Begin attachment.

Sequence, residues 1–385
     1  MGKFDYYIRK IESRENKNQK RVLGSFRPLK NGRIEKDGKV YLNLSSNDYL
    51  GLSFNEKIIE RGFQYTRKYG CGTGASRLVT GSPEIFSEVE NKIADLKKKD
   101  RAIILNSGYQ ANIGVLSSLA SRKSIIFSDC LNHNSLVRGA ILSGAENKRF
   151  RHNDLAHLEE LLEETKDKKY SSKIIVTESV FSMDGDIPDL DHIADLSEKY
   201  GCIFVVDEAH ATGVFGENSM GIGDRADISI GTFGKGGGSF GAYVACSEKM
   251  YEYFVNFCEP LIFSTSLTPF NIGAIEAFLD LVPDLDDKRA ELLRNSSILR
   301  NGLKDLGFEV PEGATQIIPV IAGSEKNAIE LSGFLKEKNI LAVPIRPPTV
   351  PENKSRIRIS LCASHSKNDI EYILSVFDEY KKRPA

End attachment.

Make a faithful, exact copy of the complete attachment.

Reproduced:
Sequence, residues 1–385
     1  MGKFDYYIRK IESRENKNQK RVLGSFRPLK NGRIEKDGKV YLNLSSNDYL
    51  GLSFNEKIIE RGFQYTRKYG CGTGASRLVT GSPEIFSEVE NKIADLKKKD
   101  RAIILNSGYQ ANIGVLSSLA SRKSIIFSDC LNHNSLVRGA ILSGAENKRF
   151  RHNDLAHLEE LLEETKDKKY SSKIIVTESV FSMDGDIPDL DHIADLSEKY
   201  GCIFVVDEAH ATGVFGENSM GIGDRADISI GTFGKGGGSF GAYVACSEKM
   251  YEYFVNFCEP LIFSTSLTPF NIGAIEAFLD LVPDLDDKRA ELLRNSSILR
   301  NGLKDLGFEV PEGATQIIPV IAGSEKNAIE LSGFLKEKNI LAVPIRPPTV
   351  PENKSRIRIS LCASHSKNDI EYILSVFDEY KKRPA